Bacteriocidal effect of preprocedural mouthrinses. The evidence suggests that preprocedural mouthrinse is effective at reducing bacterial contamination in dental aerosols.12 Certain antimicrobial rinse solutions used from 30 seconds to 2 minutes versus water or no rinse effectively reduced aerosol contamination produced during periodontal prophylaxis.12 For example. chlorhexidine (either 0.12 or 0.2%) is an effective antimicrobial solution for this purpose.12 One drawback, however, is that chlorhexidine can cause tooth staining, supragingival calculus formation, and a change in taste sensation.13 Researchers also, though, have found comparable performance between chlorhexidine and cetylpyridinium chloride as a preprocedural rinse in reducing bacterial load in aerosols. 11
Virucidal effect of preprocedural mouthrinses. Although little clinical data have been collected ,12 one small study found that preprocedural rinses, including normal saline, reduced SARS-CoV-2 viral load in saliva. 14
One review of four in vitro studies, however, found that a preprocedural rinse with chlorhexidine was effective at reducing viral load. 13 Essential oils also were shown to have antiviral properties against enveloped viruses.13
Overall, there is a need for additional research concerning the role of preprocedural mouthrinses in preventing viral infections.12
Fluoride ions, which promote remineralization, may be provided by certain mouthrinses. A Cochrane systematic review found that regular use of fluoride mouthrinse reduced tooth decay in children, regardless of exposure to other sources of fluoride (i.e., fluoridated water or toothpaste containing fluoride).15
Topical Pain Relief
Mouthrinses that offer pain relief most commonly contain topical local anesthetics such as lidocaine, benzocaine/butamin/tetracaine hydrochloride, dyclonine hydrochloride, or phenol.1 In addition, sodium hyaluronate, polyvinylpyrrolidine and glycyrrhetinic acid may act as a barrier to relieve pain secondary to oral lesions, like aphthous ulcers.1
Mouthrinse may contribute to extrinsic stain reduction when either carbamide peroxide or hydrogen peroxide are among the active ingredients. Products that rely on carbamide peroxide typically contain 10 percent carbamide peroxide and may be dispensed by dentists to their patients for use at home.16 Mouthrinses that claim to whiten teeth also may contain 1.5 to 2 percent hydrogen peroxide.1 One study found that 12 weeks’ use of mouthrinse containing hydrogen peroxide in this concentration range achieved similar color alteration as that achieved by 2 weeks’ use of 10 percent carbamide peroxide whitening gel.17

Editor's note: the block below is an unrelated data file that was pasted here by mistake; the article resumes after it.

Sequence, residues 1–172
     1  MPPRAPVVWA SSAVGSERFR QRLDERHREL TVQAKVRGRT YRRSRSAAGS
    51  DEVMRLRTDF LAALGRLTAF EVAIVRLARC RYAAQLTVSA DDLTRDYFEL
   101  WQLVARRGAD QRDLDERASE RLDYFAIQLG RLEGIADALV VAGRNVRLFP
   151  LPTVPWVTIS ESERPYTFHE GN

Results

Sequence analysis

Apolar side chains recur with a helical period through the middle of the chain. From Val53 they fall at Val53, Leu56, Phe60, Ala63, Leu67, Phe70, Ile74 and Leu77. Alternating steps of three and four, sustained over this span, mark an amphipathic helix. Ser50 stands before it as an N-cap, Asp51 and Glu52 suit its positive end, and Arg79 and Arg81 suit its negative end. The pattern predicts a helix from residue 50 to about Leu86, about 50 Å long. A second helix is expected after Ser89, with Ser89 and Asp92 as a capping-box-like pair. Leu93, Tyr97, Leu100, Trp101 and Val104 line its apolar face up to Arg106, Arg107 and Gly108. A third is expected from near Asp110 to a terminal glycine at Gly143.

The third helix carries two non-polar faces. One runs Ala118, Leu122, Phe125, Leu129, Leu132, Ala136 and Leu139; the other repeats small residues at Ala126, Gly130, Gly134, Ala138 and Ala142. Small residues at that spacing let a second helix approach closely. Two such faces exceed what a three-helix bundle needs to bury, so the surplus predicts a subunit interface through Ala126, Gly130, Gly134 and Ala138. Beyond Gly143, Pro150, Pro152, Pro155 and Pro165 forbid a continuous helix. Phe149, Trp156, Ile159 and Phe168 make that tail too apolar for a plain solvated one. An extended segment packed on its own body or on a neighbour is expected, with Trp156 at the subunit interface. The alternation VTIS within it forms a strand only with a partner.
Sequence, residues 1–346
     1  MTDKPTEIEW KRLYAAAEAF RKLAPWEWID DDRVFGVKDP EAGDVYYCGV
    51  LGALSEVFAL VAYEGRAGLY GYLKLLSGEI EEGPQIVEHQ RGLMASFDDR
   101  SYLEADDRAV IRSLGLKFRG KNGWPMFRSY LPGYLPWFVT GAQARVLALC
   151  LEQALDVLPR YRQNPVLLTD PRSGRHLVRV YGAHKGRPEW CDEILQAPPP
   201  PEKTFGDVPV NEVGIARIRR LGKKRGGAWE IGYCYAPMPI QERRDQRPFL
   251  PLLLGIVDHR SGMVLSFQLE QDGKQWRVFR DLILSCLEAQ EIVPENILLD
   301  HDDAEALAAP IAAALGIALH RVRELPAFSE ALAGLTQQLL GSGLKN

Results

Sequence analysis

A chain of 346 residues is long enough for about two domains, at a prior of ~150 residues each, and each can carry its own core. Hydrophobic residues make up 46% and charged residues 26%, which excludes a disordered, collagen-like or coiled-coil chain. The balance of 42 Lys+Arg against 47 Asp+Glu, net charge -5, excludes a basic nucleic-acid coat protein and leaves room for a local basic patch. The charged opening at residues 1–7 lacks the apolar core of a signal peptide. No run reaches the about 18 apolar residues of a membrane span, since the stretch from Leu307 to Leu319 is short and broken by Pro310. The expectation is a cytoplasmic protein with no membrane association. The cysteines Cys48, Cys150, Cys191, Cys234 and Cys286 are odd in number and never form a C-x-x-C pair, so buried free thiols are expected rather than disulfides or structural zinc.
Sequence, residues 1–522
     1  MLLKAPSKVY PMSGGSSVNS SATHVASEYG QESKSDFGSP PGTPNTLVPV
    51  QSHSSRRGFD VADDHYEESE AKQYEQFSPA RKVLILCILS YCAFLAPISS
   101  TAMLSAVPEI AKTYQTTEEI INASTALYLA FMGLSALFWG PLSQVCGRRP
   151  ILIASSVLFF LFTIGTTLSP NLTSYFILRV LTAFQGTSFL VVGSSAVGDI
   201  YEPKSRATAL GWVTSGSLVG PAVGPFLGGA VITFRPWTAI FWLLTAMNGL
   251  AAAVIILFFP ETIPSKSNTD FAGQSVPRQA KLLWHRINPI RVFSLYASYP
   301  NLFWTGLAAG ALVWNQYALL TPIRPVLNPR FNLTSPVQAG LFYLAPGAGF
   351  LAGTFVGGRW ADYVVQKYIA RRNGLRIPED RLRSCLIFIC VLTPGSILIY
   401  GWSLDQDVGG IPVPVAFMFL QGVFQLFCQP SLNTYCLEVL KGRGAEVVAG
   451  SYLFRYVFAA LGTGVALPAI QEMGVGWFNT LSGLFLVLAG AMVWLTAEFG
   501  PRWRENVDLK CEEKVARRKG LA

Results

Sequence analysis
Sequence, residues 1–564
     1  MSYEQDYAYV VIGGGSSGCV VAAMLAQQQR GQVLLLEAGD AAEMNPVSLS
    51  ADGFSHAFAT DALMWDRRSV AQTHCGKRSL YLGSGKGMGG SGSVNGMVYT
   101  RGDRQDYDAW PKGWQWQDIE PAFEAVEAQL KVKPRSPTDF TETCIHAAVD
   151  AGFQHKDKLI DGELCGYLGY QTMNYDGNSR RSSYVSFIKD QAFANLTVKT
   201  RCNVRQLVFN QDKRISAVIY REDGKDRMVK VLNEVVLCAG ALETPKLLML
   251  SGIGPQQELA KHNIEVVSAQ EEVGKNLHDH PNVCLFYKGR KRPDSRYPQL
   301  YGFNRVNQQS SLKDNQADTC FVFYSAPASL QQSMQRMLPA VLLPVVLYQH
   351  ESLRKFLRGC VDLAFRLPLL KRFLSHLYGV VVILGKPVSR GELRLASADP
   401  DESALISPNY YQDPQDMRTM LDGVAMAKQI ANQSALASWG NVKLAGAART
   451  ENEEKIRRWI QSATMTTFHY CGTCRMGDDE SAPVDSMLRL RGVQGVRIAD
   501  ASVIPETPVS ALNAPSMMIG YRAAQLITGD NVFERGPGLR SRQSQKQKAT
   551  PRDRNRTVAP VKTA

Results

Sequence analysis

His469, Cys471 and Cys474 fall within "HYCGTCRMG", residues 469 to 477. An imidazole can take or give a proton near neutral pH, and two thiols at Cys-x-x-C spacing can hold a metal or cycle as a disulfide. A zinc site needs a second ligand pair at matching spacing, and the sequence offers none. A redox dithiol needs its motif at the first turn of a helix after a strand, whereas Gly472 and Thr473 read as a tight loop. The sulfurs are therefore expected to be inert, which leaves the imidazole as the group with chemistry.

Xerostomia is a reduction in the amount of saliva bathing the oral mucous membranes. Since the lack of saliva increases the risk of caries, a fluoride-containing mouthrinse may be helpful to those managing this problem. However, since alcohol can be drying, it may be prudent to recommend an alcohol-free mouthrinse.18 Mouthrinses containing enzymes, cellulose derivatives and/or animal mucins can mimic the composition and feel of saliva and may provide additional relief from symptoms associated with xerostomia.1
Oral Cancer Concern
Alcohol consumption as well as alcohol and tobacco use are known risk factors for head and neck cancers.19 Resulting from this has been the question of whether use of alcohol-containing mouthrinse increases risk of these cancers.20 A recent systematic review and meta-analysis failed to find an association between mouthrinse use and oral cancer, use of alcohol-containing mouthrinse and oral cancer, or mouthrinse dose response and oral cancer.21
Look for the ADA Seal—your assurance that the product has been objectively evaluated for safety and efficacy by an independent body of scientific experts, the ADA Council on Scientific Affairs. A company earns the ADA Seal for mouthrinse by producing scientific evidence demonstrating the safety and efficacy of its product, which is evaluated according to the objective requirements related to their claims.
Manufacturers of all types of mouthrinse who apply for the Seal must demonstrate that their products adhere to FDA regulations and meet the ANSI/ADA or ISO Standards for Oral Care products (wherever applicable). To qualify for the Seal of Acceptance, the company must demonstrate that their product meets applicable ADA Seal requirements, and must provide safety and efficacy data, to support the claims associated with their product. For example:
Last Updated: December 1, 2021
Department of Scientific Information, Evidence Synthesis & Translation Research, ADA Science & Research Institute, LLC.